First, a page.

How Jumbo Loans Can Help You Buy High-Priced Homes
A jumbo loan is a home loan that is larger than “conforming” loans that lenders sell to Fannie Mae and Freddie Mac. As opposed to loans that follow standard maximum limits set by government-sponsored entities (GSEs), jumbo loans can be substantially bigger. Those lenders have their own rules for approval and often hold the loans as investments.
Most importantly for home buyers, jumbo loans make it possible to buy more expensive homes. You might not care about mortgage loan markets, but if you’re buying a high-priced home and you don’t make a sizeable down payment, you might need a jumbo loan. You could even get a better interest rate with a non-conforming loan.
Why Large Loan Balances Are Called Jumbo-Sized Mortgages
Jumbo loans get their name from the large loan balances available. Conforming loans for 2021 are capped at $548,250 in most parts of the country and have additional rules on borrower qualification. In some high-cost areas, loan limits go much higher to account for local housing markets. For example, in Los Angeles County, the 2021 limit is $822,375.
If you want to borrow more than the loan limit in your area, you’ll need to use a jumbo loan or find another creative method to secure financing.
Jumbo Lenders Have Individual Goals
Banks and other private investors issue jumbo loans. Those lenders typically do not sell jumbo loans to GSEs, so lenders can design their own approval criteria. Every lender has unique goals and concerns, so every jumbo loan program is different. Because of that, it’s smart to shop among various lenders, as you may find different pricing and approval criteria.
Find a lender that fits your financial situation and the property you’re buying. For example, some lenders make it easier or harder to get loans for second homes, and different lenders have different down payment requirements.
Qualifying for Jumbo Mortgages
As with any loan, you need to meet the approval criteria, and jumbo loans are more difficult than conventional loans to qualify for. The loan amounts are higher, so lenders are understandably more selective given the increased risk of issuing jumbos.
- Credit History: You need good credit to get approved for a jumbo loan. A FICO score above 700 is a minimum for most buyers, but other factors could warrant a slightly lower score.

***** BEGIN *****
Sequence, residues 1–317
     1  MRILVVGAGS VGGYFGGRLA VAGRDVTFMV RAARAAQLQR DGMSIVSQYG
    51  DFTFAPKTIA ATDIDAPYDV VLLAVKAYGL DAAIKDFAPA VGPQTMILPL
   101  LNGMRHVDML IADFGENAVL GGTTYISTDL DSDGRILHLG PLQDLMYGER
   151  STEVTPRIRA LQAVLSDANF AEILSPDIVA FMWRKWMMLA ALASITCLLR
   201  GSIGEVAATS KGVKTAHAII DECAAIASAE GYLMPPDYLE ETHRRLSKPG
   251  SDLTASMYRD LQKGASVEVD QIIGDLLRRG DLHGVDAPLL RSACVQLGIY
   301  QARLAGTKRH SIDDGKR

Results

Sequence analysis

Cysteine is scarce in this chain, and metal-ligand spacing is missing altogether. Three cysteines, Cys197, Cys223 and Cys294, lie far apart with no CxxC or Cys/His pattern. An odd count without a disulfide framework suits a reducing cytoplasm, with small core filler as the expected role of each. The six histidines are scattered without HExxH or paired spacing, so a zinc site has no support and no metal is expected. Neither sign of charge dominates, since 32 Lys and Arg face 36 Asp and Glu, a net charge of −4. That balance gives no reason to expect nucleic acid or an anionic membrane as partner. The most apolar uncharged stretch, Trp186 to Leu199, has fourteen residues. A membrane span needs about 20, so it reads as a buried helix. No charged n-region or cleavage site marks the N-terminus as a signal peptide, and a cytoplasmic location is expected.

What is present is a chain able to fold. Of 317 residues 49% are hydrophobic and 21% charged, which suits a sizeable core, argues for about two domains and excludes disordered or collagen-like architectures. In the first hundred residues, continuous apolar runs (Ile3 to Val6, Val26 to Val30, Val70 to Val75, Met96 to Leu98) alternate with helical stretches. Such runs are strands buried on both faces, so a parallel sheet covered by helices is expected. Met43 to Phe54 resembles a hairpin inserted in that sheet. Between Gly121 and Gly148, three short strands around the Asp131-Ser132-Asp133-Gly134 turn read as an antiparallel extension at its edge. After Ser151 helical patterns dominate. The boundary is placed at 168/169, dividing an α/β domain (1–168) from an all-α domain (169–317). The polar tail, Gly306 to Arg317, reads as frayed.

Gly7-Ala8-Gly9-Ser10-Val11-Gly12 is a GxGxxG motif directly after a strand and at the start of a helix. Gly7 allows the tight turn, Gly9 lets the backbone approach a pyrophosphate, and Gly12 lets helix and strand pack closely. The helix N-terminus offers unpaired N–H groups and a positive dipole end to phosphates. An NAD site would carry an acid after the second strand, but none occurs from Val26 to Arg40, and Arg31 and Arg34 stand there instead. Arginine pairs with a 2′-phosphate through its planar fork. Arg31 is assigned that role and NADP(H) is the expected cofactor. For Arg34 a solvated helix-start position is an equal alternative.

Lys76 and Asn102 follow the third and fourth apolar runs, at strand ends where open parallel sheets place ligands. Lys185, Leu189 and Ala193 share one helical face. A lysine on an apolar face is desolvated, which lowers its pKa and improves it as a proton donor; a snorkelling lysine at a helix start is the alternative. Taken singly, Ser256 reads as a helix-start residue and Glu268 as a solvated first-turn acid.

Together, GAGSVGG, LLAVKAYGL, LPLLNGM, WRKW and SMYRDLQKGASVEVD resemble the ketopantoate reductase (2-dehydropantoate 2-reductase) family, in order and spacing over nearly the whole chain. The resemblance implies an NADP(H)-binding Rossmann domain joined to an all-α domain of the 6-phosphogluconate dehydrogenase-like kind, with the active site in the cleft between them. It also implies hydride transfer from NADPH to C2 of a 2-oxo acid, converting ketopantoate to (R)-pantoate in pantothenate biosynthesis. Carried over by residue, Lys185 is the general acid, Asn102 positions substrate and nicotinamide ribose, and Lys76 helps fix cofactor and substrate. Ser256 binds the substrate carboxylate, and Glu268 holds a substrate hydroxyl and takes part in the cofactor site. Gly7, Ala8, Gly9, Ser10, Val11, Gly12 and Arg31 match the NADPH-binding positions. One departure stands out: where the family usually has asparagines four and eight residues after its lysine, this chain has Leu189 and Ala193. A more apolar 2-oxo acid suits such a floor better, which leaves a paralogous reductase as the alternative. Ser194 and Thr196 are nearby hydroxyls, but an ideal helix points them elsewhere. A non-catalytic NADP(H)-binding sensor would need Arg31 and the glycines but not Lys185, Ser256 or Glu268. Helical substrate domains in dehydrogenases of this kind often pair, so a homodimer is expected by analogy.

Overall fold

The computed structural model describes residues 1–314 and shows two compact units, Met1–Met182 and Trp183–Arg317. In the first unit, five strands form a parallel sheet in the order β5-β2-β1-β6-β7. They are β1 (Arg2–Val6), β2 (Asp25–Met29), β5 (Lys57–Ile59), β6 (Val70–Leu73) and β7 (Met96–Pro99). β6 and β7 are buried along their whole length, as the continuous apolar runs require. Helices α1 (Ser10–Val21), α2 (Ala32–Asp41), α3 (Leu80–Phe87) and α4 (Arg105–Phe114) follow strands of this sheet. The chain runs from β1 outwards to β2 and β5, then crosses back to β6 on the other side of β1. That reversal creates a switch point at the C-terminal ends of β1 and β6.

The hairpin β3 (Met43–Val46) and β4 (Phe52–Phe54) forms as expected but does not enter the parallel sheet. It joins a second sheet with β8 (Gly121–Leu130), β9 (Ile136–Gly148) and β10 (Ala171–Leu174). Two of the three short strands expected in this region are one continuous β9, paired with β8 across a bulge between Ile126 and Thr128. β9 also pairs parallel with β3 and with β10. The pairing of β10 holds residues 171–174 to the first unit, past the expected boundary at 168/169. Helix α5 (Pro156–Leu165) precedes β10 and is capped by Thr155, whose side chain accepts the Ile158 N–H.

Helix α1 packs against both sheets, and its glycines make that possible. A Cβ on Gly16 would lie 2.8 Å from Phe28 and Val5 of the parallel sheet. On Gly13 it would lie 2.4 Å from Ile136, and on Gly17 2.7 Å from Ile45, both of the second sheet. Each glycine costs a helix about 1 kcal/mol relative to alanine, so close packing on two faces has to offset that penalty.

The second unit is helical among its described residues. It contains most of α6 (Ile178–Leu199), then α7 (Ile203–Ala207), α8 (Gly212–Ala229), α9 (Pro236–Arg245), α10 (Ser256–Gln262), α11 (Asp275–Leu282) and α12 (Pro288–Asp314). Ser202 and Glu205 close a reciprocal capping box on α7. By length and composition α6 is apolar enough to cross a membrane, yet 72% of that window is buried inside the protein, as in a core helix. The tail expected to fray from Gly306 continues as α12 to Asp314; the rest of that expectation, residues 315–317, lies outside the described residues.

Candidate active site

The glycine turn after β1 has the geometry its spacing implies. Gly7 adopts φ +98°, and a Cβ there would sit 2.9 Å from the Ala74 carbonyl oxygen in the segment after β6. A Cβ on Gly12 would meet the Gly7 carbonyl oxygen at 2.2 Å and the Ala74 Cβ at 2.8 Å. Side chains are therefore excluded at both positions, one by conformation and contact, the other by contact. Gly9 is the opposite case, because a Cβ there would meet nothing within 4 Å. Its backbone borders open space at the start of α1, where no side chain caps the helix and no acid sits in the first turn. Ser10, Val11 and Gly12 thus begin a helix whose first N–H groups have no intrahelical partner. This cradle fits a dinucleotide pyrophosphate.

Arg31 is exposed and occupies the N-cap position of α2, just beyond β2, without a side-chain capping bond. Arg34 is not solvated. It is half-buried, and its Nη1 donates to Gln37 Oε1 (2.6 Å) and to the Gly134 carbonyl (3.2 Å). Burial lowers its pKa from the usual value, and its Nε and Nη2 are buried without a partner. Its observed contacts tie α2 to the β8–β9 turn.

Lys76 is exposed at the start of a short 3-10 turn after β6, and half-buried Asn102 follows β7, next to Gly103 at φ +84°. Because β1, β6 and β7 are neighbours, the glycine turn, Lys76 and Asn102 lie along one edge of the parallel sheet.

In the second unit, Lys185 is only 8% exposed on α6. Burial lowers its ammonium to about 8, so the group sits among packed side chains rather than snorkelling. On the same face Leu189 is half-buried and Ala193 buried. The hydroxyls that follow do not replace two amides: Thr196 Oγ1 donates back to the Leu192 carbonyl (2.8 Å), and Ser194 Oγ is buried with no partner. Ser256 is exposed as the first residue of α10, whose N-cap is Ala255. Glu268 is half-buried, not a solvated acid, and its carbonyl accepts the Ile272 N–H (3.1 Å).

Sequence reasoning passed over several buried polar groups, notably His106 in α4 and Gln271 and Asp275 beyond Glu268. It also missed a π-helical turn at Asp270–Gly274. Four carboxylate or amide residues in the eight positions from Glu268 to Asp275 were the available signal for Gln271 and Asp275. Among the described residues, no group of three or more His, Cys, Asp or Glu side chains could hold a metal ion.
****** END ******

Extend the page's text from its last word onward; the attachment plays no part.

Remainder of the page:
- Down Payment: Jumbo mortgages typically require down payments of 20% or more. However, some mainstream jumbo lenders will work with down payments of around 10%. You might even see advertisements with even lower requirements. To qualify for a jumbo loan with a small down payment, you’ll need good credit, strong income, or significant reserve assets.
- Income and Assets: For these large loans, lenders require documentation to prove that you have sufficient income and assets to afford the property you’re buying. A consistent income is best. Self-employed individuals need tax documents and additional information about their businesses, and wage-earners need W2 forms. Lenders also like to see reserve assets available to cover payments for six to 12 months.
- Debt-to-Income Ratio: A low debt-to-income ratio is always helpful when applying for loans. Lenders might use 43% as a target, but that number is not set in stone. Especially if you have significant assets available, lenders might consider those assets (or the earnings from those assets) in your income calculation.
Jumbo loans are not designed to help borrowers “stretch” and buy more house than they can afford. Instead, they’re for financially secure borrowers buying homes that are more expensive than average.
What You Pay for a Jumbo Loan